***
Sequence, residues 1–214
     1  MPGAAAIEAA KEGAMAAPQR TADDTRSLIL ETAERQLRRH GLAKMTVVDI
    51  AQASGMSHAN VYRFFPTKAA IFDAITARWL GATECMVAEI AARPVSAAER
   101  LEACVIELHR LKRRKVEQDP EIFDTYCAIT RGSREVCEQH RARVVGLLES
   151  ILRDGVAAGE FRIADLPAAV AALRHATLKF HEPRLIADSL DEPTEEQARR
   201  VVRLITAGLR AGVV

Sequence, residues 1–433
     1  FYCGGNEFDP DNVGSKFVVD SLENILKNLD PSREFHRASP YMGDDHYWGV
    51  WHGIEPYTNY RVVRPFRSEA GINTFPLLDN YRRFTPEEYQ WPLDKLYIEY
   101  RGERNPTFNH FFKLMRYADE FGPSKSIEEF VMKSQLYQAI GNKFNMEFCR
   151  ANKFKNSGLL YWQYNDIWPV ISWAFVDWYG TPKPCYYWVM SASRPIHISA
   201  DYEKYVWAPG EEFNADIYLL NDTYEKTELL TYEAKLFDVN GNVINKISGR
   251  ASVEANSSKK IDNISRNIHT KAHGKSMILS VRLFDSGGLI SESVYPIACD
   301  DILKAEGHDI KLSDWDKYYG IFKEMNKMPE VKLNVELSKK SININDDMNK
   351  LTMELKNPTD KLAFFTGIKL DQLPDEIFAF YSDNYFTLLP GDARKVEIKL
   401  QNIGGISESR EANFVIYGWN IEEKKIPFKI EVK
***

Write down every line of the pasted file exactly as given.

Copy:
Sequence, residues 1–214
     1  MPGAAAIEAA KEGAMAAPQR TADDTRSLIL ETAERQLRRH GLAKMTVVDI
    51  AQASGMSHAN VYRFFPTKAA IFDAITARWL GATECMVAEI AARPVSAAER
   101  LEACVIELHR LKRRKVEQDP EIFDTYCAIT RGSREVCEQH RARVVGLLES
   151  ILRDGVAAGE FRIADLPAAV AALRHATLKF HEPRLIADSL DEPTEEQARR
   201  VVRLITAGLR AGVV

Sequence, residues 1–433
     1  FYCGGNEFDP DNVGSKFVVD SLENILKNLD PSREFHRASP YMGDDHYWGV
    51  WHGIEPYTNY RVVRPFRSEA GINTFPLLDN YRRFTPEEYQ WPLDKLYIEY
   101  RGERNPTFNH FFKLMRYADE FGPSKSIEEF VMKSQLYQAI GNKFNMEFCR
   151  ANKFKNSGLL YWQYNDIWPV ISWAFVDWYG TPKPCYYWVM SASRPIHISA
   201  DYEKYVWAPG EEFNADIYLL NDTYEKTELL TYEAKLFDVN GNVINKISGR
   251  ASVEANSSKK IDNISRNIHT KAHGKSMILS VRLFDSGGLI SESVYPIACD
   301  DILKAEGHDI KLSDWDKYYG IFKEMNKMPE VKLNVELSKK SININDDMNK
   351  LTMELKNPTD KLAFFTGIKL DQLPDEIFAF YSDNYFTLLP GDARKVEIKL
   401  QNIGGISESR EANFVIYGWN IEEKKIPFKI EVK